Solomon leaves us, at this point, with the grim conclusion that whether you choose wisdom or pleasure, you will die and be forgotten. While we are aware that Solomon will offer a different conclusion later in his book, take a moment to examine the words of the sons of Korah …
Psalm 49:7 Certainly a man cannot rescue his brother; he cannot pay God an adequate ransom price 49:8 (the ransom price for a human life is too high, and people go to their final destiny), 49:9 so that he might continue to live forever and not experience death. 49:10 Surely one sees that even wise people die; fools and spiritually insensitive people all pass away and leave their wealth to others … 49:12 but, despite their wealth, people do not last, they are like animals that perish … 49:14 They will travel to Sheol like sheep, with death as their shepherd. The godly will rule over them when the day of vindication dawns; Sheol will consume their bodies and they will no longer live in impressive houses. 49:15 But God will rescue my life from the power of Sheol; certainly he will pull me to safety. (Selah)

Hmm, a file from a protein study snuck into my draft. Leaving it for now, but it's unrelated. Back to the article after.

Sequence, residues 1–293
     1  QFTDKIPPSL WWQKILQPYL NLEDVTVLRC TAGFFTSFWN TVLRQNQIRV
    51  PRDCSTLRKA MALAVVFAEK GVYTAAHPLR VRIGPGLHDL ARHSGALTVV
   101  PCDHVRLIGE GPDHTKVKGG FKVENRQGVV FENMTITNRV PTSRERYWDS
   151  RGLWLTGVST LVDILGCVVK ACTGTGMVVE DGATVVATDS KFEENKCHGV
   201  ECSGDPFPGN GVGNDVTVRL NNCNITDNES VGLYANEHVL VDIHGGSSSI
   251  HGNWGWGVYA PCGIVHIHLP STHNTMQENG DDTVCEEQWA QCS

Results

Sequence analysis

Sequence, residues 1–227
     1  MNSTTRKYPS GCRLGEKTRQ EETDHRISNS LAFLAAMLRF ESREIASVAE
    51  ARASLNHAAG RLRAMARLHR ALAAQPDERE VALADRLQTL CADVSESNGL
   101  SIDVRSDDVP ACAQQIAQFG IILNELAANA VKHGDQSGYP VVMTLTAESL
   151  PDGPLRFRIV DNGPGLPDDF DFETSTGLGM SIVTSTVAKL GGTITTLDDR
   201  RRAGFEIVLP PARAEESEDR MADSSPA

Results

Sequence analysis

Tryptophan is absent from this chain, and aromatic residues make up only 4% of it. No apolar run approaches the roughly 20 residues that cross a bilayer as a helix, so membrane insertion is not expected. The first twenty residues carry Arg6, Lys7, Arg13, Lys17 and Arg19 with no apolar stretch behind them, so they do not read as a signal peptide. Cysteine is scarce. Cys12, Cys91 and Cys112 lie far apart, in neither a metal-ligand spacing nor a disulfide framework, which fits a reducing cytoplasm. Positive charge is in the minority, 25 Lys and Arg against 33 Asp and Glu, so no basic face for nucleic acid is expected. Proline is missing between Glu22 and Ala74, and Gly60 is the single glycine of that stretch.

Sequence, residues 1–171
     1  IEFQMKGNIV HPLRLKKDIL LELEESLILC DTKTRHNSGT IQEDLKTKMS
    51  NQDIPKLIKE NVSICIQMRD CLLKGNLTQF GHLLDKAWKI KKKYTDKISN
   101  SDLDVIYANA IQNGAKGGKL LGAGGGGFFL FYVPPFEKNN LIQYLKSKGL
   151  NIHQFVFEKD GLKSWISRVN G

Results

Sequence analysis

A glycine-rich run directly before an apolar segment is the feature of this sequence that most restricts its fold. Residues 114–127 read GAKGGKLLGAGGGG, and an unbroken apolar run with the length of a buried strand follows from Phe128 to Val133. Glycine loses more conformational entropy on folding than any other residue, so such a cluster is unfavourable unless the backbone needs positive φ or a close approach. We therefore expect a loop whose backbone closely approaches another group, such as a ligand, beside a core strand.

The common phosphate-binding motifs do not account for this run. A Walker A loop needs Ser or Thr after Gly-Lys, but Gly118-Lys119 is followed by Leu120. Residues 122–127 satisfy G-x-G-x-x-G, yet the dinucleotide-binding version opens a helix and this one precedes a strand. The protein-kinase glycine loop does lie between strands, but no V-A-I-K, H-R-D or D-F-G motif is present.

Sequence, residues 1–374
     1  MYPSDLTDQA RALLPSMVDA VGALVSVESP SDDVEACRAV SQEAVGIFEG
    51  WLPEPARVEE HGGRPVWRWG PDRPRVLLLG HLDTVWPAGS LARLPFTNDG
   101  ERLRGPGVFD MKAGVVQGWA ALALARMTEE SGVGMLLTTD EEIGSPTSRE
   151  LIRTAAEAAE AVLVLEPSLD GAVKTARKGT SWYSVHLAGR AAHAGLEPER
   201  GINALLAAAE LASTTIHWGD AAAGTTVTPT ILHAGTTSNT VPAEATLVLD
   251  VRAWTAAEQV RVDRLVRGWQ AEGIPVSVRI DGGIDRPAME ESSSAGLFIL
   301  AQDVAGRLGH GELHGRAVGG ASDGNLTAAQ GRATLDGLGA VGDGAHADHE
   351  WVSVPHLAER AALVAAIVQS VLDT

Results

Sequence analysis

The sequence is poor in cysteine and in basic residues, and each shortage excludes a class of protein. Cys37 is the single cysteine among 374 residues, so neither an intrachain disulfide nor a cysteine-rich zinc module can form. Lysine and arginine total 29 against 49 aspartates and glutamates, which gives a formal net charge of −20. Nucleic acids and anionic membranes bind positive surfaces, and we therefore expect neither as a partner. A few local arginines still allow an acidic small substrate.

While it is true that both the wise and foolish alike will die; we find hope in the fact that while we both die, we do not both go to the same place after death. Consistent with the Proverbs, the wise is honored and their soul is redeemed while the foolish is destroyed.
Not only are they going to die, but they are going to be forgotten. The wise man will often sacrifice their present prestige and appreciation for the hope that even after their life, their works of wisdom will be appreciated. They believe that their gift of wisdom to the world will allow them to live on even when they die. Solomon does not allow them to find satisfaction in that. He informs them that all will be forgotten, the wise man and the fool.